A couple of weeks ago, we had a breakfast for our department alumni as part of Homecoming. This is only the second year we’ve done this, and it has already become one of my favorite events. The breakfast officially runs for an hour, but I find myself staying on campus talking to former students for much longer than that. Despite my willingness to spend more time with them, there are still many I cannot find the time to talk to.
Of course, the most heartening part of the event is hearing about alumni doing well. They come back to talk about jobs they have (many of which they could never have imagined just a few years ago), families they are starting, classes they are teaching, or places they are living that they love.
This year was especially heartening, as I talked to one alum who graduated at the beginning of the economic downturn several years ago. I had received emails from some of her fellow graduates (but not her) who were angry when they graduated with an English degree and could not find a job that made use of what they had learned. Almost all of them now have good jobs and good lives, as best I can tell from Facebook (for those who don’t keep in regular touch).
Several other alumni talked along the same lines, as they found jobs that use their skills and interests, but in ways they wouldn’t have expected. The transition to those positions might have been challenging, as they did not match with any expected career path, but they ultimately have found their new jobs to be fulfilling.
Not surprisingly, though, most of the alumni who come to such events are the ones who are doing well. The ones I know about who have not found such employment or whose lives have taken unexpected turns that are definitely not positive usually stay at home and don’t keep in touch. When I did a survey of our alumni a few years ago, in fact, only one person wrote to say that he was currently unemployed, skewing the data in ways one would expect.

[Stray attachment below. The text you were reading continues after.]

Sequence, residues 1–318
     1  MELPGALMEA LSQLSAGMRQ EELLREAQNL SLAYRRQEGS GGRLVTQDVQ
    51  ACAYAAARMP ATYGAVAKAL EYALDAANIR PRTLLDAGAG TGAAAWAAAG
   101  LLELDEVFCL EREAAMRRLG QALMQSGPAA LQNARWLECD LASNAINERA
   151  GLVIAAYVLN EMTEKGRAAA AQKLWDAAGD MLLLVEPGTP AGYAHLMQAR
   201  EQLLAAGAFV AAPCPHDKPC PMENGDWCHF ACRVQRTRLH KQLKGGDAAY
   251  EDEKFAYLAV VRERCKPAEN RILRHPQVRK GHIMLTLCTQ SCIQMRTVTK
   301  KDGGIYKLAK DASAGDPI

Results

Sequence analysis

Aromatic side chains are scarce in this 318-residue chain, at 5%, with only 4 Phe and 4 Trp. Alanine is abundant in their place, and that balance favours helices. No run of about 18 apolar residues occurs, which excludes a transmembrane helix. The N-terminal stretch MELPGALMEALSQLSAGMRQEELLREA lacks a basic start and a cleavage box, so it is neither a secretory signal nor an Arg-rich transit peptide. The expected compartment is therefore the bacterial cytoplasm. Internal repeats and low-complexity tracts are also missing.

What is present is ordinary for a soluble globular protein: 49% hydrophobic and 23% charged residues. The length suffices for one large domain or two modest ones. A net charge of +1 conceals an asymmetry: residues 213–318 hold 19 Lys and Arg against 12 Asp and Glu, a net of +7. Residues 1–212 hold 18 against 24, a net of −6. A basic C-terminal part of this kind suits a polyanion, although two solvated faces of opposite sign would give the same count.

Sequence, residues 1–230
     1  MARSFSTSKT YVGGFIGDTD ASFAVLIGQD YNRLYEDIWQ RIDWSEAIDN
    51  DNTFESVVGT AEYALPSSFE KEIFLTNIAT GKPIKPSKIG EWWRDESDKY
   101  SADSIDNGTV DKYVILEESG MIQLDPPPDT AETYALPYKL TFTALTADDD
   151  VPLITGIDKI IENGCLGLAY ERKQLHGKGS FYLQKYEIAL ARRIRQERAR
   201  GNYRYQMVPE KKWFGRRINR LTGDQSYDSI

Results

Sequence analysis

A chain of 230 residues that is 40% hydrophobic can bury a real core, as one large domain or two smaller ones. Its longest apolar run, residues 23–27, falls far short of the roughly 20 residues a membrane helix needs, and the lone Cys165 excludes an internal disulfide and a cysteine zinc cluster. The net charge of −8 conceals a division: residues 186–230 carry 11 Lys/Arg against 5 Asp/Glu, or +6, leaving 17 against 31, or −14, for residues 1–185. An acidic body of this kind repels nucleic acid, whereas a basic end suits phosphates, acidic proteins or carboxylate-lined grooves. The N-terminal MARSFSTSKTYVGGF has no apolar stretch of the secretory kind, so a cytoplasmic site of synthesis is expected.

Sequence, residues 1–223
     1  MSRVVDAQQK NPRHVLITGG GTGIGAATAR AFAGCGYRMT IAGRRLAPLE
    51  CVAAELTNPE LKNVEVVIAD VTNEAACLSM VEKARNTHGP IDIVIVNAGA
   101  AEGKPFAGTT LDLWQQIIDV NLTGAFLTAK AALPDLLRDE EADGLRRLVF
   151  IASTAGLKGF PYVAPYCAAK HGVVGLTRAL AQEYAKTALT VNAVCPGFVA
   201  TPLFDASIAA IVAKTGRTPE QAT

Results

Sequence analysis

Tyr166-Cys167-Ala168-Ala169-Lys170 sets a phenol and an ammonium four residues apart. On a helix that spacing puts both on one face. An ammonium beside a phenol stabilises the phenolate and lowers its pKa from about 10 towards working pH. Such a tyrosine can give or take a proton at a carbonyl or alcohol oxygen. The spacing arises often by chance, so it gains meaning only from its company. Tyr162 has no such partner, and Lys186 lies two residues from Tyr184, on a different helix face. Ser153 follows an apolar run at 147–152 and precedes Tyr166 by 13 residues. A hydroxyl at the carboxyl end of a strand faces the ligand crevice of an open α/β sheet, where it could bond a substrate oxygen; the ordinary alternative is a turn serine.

I remember a young woman I dated more than a decade ago just after she had graduated from college. Like some of our alumni, she was angry about where she found herself in life. She had pursued a major in another liberal arts field, but she was working at a call center for an insurance agency. Her comment was something along the lines of, “I did what everyone told me to do. I went to college and majored in something I loved, and look how that turned out.”
I understand that frustration even though my life didn’t take that path. As professors, we can’t forget that that result does happen, especially right after graduation. Almost nobody walks off campus into the job they always wanted (though we do have a few of those), and we need to be honest with our current students about that. It might not comfort them, but at least we’ll be telling them the truth.
We also need to talk about those students further down the line. That girlfriend has ended up with a good, meaningful job (or at least she was in one the last I heard) and a family. She seems to be happy, from all I know. She’s even still using her major, though perhaps not as she might have expected.
Our students can’t see their futures, but we can share glimpses of it with them. We don’t know which ones will end up where doing what, but we can draw on the years of graduates we know and talk about how they found their way to what they are now doing. We can try to provide them with a longer-range vision than they might have when they’re in the midst of a job they hate (or the lack of a job at all). We should not pretend that everything will work out (or that it will do so quickly), but we should tell them the stories of our past students and help our current students write stories for themselves that end well, if not as they expected.